Covid: ONS data suggests 1 in 50 have virus in the UK
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Andrew Watts from Bexley, south London was admitted to the Queen Elizabeth Hospital during Christmas last year. Mr Watts, 40, ended up staying in the hospital for far longer than anyone expected.
According to MyLondon, the patient spent eight months in intensive care and a further two months on a ward, amounting to 300 days in total.
Calls were made to Mr Watts’s family after a five-week induced coma and a life-threatening lung collapse worried doctors so much that they called loved ones to inform them that they were considering turning his ventilator completely off.
Speaking about first becoming ill, Mr Watts said: “A week before Christmas 2020, I started to feel ill.
“I wasn’t eating and I was losing weight, but I thought it was just the anxiety getting to me.
“When I was admitted to hospital with Covid I initially responded well to treatment, but then my oxygen levels started to drop and I was taken for a CT scan.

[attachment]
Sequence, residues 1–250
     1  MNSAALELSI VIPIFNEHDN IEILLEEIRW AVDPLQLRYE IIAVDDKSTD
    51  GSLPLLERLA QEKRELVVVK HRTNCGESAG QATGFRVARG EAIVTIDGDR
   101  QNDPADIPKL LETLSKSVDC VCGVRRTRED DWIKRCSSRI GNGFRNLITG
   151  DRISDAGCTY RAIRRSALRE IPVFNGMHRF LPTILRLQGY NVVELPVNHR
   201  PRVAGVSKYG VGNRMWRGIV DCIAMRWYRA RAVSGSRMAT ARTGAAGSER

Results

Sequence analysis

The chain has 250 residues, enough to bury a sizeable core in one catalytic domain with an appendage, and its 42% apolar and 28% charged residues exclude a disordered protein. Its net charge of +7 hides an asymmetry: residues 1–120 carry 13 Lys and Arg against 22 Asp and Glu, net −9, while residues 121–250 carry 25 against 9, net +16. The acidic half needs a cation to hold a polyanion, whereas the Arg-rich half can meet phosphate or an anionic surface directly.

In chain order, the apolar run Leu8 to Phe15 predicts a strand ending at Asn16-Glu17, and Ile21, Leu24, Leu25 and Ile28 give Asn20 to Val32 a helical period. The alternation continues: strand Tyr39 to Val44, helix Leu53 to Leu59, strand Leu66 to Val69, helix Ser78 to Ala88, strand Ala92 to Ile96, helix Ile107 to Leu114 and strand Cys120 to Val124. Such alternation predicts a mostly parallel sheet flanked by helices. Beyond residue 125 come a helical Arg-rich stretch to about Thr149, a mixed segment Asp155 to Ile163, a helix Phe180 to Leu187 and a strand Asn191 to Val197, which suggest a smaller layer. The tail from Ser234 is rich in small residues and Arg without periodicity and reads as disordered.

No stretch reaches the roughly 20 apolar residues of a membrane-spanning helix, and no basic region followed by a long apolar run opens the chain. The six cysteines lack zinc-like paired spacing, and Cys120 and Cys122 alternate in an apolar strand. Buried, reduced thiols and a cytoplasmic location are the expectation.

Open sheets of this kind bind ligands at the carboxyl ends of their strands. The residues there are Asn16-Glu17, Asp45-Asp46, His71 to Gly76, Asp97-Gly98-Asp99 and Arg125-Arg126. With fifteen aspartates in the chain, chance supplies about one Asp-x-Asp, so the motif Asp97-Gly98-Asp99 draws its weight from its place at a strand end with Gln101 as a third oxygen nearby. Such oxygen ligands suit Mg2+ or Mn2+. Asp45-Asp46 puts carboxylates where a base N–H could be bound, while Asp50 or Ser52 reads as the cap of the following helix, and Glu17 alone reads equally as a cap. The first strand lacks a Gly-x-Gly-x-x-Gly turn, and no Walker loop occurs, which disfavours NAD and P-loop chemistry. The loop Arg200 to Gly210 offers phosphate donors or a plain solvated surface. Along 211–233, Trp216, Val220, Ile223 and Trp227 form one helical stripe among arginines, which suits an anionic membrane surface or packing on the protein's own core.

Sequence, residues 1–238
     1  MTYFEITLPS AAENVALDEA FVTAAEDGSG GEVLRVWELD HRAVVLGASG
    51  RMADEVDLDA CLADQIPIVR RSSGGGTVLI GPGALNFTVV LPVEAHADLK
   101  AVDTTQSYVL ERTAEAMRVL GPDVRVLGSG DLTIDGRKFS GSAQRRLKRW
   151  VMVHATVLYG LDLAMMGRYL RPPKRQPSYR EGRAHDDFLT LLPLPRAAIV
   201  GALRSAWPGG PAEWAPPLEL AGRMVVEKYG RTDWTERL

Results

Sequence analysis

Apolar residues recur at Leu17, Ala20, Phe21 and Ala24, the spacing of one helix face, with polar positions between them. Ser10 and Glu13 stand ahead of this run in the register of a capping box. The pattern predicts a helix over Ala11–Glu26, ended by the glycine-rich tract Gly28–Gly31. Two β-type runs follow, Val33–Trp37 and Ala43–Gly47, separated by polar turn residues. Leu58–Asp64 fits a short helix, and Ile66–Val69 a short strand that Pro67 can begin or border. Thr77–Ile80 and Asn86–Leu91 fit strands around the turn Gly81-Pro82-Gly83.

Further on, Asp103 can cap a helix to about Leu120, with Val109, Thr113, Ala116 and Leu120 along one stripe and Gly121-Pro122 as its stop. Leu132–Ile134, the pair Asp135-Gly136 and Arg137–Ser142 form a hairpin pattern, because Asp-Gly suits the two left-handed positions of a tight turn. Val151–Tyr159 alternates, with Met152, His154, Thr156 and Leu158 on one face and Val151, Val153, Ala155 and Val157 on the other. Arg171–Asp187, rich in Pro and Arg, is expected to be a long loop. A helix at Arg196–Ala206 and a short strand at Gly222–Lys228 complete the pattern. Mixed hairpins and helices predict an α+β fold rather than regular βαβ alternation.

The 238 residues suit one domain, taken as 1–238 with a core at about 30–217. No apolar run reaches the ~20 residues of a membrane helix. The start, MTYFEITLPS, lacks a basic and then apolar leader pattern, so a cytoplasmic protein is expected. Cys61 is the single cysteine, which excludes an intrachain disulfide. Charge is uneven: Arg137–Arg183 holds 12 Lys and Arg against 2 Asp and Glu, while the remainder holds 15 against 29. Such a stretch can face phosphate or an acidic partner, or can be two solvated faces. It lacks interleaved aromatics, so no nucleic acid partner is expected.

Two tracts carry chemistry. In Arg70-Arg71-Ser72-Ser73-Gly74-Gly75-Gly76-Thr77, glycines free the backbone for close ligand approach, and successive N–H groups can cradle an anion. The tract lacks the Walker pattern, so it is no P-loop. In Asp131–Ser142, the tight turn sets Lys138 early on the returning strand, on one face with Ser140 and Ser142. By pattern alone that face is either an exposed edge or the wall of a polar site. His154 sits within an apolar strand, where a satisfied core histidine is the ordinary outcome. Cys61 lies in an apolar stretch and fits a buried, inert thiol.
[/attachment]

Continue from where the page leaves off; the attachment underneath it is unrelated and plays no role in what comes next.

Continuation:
“That was when I was told that I had a pneuomothorax, which is a split on the lung.
“I was on my own as this was the height of Covid, with no visitors allowed, so it was a lot to take in.
“By this point I was crying my eyes out, on the phone to my sister Hannah and my wife Hayley, but I didn’t want to tell my mum or my dad.
“I couldn’t bring myself to tell them.”
His health got so bad, Mr Watts ended up only being able to communicate using a stick and pointing at letters on a board.
He said: “I kept thinking ‘why me?’
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“It was very hard to stay positive.
“But I remembered how when I was going through my chemotherapy I was told to look forward, set myself little goals and when I’d achieved them set myself another one.
“So that’s what I did.”
Despite his second lung collapsing, the 40-year-old came off the ventilator in June 2021 after a massive improvement in his lungs.
Within a few months, doctors and nurses had gone to the hospital to say goodbye on 21 October as he was finally able to leave the hospital.
Andrew said: “The care has been fantastic but my journey is nowhere near finished yet.
“Going home is one major goal, but then that just starts another road in my recovery.
“I started walking just four weeks ago, and my next goal is to walk to my son’s school and back by Christmas.”
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